Farmers barricade roads near the capital

PUBLISHED : Thursday, 01 May, 2003, 12:00am
UPDATED : Thursday, 01 May, 2003, 12:00am

As Sars panic spreads, villagers have set up checkpoints and banned any visitors

Farmers in rural Beijing have barricaded roads and set up 24-hour checkpoints, fearing that Sars may spread to the countryside.

Almost all villages near major tourist attraction the Ming Tombs in northwestern Beijing were sealed off from outsiders with makeshift road blocks and sign boards saying: 'Visitors are prohibited as a precaution against Sars.'

Local cadres from village committees were seen guarding entrances to villages. Many said they did so not only to prevent outsiders from entering, but to stop villagers from leaving.

In Changlingyuan village, local cadres guarding the village entrances said villagers were not allowed any contact with outsiders to prevent them contracting the deadly virus.

When asked what the village should do about food, a village committee official said: 'We will see after we run out of supplies.'

In Shangkou village, a shelter was built near the roadblocks to check passers-by. A teenager said the village committee had hired 20 villagers to guard the village entrance in shifts. Each was paid 30 yuan (HK$28) per day, he said.

Local doctor Duan Zhizhong said the village had received orders 'from above' to seal off the entrance about five days ago.

'We will do that until the order comes that we can lift the ban,' he said, answering queries from an old woman about how to read a thermometer. A loudspeaker behind him was broadcasting announcements from the village committee asking villagers to collect thermometers rationed to each household.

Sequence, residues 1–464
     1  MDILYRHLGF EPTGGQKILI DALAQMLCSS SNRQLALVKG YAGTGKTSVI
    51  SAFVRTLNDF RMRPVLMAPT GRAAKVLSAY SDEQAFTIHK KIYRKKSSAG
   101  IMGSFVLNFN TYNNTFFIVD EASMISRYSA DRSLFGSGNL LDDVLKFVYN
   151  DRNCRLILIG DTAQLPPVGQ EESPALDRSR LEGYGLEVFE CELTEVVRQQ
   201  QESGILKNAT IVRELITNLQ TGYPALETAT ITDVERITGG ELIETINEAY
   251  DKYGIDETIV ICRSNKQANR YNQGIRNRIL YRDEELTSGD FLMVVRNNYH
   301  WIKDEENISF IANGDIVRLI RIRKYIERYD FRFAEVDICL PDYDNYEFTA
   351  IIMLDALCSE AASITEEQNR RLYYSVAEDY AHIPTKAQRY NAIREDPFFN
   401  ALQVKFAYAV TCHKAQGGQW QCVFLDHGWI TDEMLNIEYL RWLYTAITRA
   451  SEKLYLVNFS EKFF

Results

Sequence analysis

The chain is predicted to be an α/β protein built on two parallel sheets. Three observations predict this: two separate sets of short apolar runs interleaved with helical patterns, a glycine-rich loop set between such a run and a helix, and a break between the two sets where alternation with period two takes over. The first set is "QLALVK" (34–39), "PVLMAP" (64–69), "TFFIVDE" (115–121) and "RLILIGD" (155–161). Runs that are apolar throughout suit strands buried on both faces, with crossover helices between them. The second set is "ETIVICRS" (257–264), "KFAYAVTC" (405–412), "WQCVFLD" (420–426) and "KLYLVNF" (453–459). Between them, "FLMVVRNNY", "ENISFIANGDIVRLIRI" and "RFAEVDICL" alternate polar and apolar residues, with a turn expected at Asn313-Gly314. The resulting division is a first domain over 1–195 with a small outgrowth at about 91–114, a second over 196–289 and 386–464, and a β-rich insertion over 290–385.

An official from the Ministry of Health told the South China Morning Post yesterday that the ministry had never issued such orders and villagers were driven by panic.

'They don't have enough knowledge about the disease. It is not necessary to do this and I don't think the move is good for their long-term development.

'They are panicking and they may overreact. But I believe they will be much calmer in a few days.'

When asked about 'the order from above', the official said he believed the village committees might have reached some 'consensus' with the local health authorities without notifying the central government.

But villagers have reason to panic. In Huzhuang village near the main entrance to the Ming Tombs, a residential compound was sealed off on April 26 after the first Sars case was found.

A 20-year-old girl contracted the disease after visiting her aunt in Beijing city. She is now in Changping Hospital, according to an official from the local residence committee.

Four households in the compound have been isolated.

Not far away in Nanxin village, two families related to a Sars patient were isolated and under village committee surveillance.

Nanxin villagers said none from the isolated households had shown symptoms of Sars, but residents from nearby villages, including Changlingyuan, are gripped by fear. 'Of course we are scared, but that is all we can do,' said a local cadre guarding the village.

Health officials agreed the next two weeks would be crucial to decide whether the measures to stop the virus penetrating the countryside would be useful.

Migrant workers began fleeing Beijing on April 25. More are expecting to leave during the Labour Day holidays.